The Marketing to Sales Hand-off (Part 1)

I was in a meeting last week and was asked why I don’t care for warm transfers from Marketing to Sales.

It made me think about it all weekend, and here are a few reasons I’d like to share:

  • I think a key to success in sales is to reduce as many variables from the equation as possible (Jordan Belfort thinks this, too)
  • I also think that accomplishing any task while using the least amount of force is good for everyone involved
  • I also believe that well-orchestrated, optimized experience at the beginning of a potential relationship gives consistency and predictability to how the relationship forms because … things that start well tend to end well
  • I believe that it is chaotic to wing it and do things different every time

If an organization’s initial interactions with potential clients are NOT controlled and well-orchestrated, then – unless everything just lines up perfectly – it can literally undermine the organization’s efforts to accomplish the task of selling and doing it in a way that is streamlined, efficient, and mutually beneficial for everyone involved.

Sounds pretty dire, I know but check this out:


Here, let’s use a sports analogy:

  • the potential client in this instance is the pitcher – your sales rep is the batter
  • the pitcher winds up, delivers the pitch, and he (or she) is consistently throwing 92- to 102-mph fastballs and curveballs and sliders
  • some are strikes, some are balls, and they’re just all over the place as far as speed and pitch location goes
  • your sales rep swings and connects with some, but with the pitches being all over the place and having such variation in speed and everything, he (or she) is swinging and missing more than swinging and connecting
  • some pitches are even blowing right past him (or her) without even getting a swing in
  • even when connecting, your rep is getting some base hits (and even a few homers here and there), but he’s (she’s) still hitting a good amount of pop flies and foul balls and ground balls and just getting out a lot


What if … and this is a BIG WHAT IF …

But what if you, the sales manager or sales director … the batter’s coach, in this analogy … somehow had a way to alter the pitch right after it leaves the pitcher’s hand?

I’m talking like, a Game Genie on the old-school Nintendo, where you could slow down the game’s speed so you could time it just right and deliver the best swing, like … Matrix-style, where you warp space and time and just make it possible to adjust your stance and calculate exactly where and how to swing?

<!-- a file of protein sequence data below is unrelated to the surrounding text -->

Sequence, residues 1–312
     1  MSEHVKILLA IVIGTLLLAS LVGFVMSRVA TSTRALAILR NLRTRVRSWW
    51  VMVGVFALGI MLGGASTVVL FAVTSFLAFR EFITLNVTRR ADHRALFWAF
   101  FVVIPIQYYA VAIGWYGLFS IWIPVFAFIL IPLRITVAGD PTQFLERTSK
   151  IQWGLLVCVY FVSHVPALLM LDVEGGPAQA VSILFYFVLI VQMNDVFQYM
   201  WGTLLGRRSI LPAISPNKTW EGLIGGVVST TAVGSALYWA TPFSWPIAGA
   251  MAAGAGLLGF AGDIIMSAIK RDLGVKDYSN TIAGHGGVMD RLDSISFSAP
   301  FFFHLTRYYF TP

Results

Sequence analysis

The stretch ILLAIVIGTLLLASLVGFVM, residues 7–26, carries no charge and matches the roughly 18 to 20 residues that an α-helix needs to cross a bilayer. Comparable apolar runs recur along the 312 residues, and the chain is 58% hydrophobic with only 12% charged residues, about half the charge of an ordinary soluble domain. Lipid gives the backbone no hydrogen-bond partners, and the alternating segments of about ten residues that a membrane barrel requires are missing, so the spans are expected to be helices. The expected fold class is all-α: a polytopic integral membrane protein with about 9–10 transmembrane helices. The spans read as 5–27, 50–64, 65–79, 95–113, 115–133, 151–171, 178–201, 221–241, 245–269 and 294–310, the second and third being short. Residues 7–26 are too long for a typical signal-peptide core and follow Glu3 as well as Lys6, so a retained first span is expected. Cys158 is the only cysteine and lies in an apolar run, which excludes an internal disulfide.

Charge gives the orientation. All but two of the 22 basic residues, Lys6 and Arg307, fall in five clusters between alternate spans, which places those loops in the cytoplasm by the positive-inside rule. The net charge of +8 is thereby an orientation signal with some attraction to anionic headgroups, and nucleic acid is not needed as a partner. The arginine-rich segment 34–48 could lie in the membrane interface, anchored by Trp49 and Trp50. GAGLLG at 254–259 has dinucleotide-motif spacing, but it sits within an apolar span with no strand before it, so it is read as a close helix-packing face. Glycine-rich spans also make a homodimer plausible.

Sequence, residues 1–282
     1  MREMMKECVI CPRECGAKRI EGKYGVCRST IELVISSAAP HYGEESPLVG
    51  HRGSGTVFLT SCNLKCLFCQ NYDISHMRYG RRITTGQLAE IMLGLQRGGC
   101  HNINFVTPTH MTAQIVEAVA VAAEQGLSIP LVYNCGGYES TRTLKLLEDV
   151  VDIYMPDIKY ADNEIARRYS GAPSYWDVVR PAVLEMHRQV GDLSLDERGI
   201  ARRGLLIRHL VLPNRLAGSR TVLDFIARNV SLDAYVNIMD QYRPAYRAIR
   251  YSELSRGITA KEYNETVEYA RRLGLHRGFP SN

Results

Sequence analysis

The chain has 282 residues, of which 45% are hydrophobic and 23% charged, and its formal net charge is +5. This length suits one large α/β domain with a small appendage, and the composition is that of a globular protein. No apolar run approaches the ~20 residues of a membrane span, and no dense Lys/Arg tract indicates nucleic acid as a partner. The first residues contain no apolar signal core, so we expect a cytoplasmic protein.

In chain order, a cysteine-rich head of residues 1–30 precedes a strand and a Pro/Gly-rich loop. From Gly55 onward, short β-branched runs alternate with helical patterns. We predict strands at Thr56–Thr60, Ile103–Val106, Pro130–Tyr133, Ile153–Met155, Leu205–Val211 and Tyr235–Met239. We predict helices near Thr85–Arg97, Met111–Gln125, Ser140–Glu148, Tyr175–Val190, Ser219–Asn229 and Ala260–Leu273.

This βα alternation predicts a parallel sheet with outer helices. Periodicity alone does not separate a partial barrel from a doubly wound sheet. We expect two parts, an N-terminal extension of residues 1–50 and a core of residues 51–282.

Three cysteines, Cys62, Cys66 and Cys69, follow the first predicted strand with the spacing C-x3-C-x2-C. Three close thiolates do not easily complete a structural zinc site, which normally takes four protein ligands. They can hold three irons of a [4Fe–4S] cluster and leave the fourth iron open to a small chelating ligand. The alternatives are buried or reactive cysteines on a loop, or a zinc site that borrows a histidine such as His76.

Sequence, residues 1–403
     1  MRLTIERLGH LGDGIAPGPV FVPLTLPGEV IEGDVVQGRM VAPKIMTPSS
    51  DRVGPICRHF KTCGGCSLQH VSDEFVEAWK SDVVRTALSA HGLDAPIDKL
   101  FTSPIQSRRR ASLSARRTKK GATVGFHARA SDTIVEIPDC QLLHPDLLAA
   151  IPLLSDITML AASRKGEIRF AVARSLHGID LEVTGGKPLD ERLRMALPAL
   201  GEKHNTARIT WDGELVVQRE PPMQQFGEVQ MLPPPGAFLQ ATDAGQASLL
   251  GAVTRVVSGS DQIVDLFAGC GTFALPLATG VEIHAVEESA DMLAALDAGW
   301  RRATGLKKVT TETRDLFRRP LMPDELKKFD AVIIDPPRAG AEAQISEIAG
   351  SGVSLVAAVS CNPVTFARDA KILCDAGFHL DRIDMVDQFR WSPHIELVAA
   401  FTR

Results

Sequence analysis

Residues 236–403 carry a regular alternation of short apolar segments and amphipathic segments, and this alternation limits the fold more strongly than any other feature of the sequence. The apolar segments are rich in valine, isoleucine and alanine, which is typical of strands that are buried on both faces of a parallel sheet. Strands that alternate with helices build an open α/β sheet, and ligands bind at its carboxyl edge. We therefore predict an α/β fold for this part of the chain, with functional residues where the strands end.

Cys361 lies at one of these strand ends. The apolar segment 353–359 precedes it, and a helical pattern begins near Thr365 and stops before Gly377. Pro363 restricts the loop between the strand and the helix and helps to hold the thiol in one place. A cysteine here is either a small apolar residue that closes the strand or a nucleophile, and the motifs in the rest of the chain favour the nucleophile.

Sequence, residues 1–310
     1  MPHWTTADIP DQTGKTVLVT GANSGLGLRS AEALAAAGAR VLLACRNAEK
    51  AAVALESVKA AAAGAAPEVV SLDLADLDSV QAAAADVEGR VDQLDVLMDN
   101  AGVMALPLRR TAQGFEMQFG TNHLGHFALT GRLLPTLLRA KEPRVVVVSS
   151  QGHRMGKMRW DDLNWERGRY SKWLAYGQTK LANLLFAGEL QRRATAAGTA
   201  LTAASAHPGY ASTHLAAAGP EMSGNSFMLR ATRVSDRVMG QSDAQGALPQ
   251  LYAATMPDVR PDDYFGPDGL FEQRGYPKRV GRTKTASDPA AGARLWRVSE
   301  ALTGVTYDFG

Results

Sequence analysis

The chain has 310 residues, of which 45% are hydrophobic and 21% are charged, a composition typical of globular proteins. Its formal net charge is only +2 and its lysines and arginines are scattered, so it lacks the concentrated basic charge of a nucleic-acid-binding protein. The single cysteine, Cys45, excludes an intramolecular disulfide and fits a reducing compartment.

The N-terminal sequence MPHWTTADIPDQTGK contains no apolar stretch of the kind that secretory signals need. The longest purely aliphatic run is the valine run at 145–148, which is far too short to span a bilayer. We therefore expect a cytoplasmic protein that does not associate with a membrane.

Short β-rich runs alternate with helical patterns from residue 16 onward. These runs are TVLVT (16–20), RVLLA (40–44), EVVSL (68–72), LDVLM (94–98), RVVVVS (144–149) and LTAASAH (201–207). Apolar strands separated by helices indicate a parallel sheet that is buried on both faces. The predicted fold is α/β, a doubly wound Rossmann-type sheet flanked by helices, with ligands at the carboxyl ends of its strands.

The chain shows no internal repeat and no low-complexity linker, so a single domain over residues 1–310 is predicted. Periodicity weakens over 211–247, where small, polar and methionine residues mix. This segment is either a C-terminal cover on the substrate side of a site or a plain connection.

The pitch starts out a bit wild, but after leaving the pitcher’s hand – right about halfway down its flight path – it gets somehow channeled to go right down the middle, slowed down just enough to give the batter just enough reaction time to adjust his or her stance and timing so he or she swings strong and makes solid contact.

It might be a home run … or it might be a hard hit line drive right at the shortstop for an out … but it WON’T be a swing and a miss. If this were possible to do for your batters, then there’s no doubt about it – all of their batting averages will increase and you’ll win more games.


Now, I know that sounds too good to be true and isn’t exactly possible in real life, BUT …

What the marketing to sales hand-off process that I developed does, really, is it slows things down and puts everything on a level playing field so that your sales reps can step up and really just have the best chance of making contact and hitting it hard every single time.

This process takes those wild pitches with all the variations and funnels them down to nice, right down the middle, meatballs that your sales reps can just crush.

I’m not saying you’ll close every deal because of this, either – but I am saying it’s very possible to reduce some of the variables from the equation and give your reps more of a fighting chance. By doing this, it puts your organization in more control of the process and gives every potential relationship a consistently level (and predictable) starting point.

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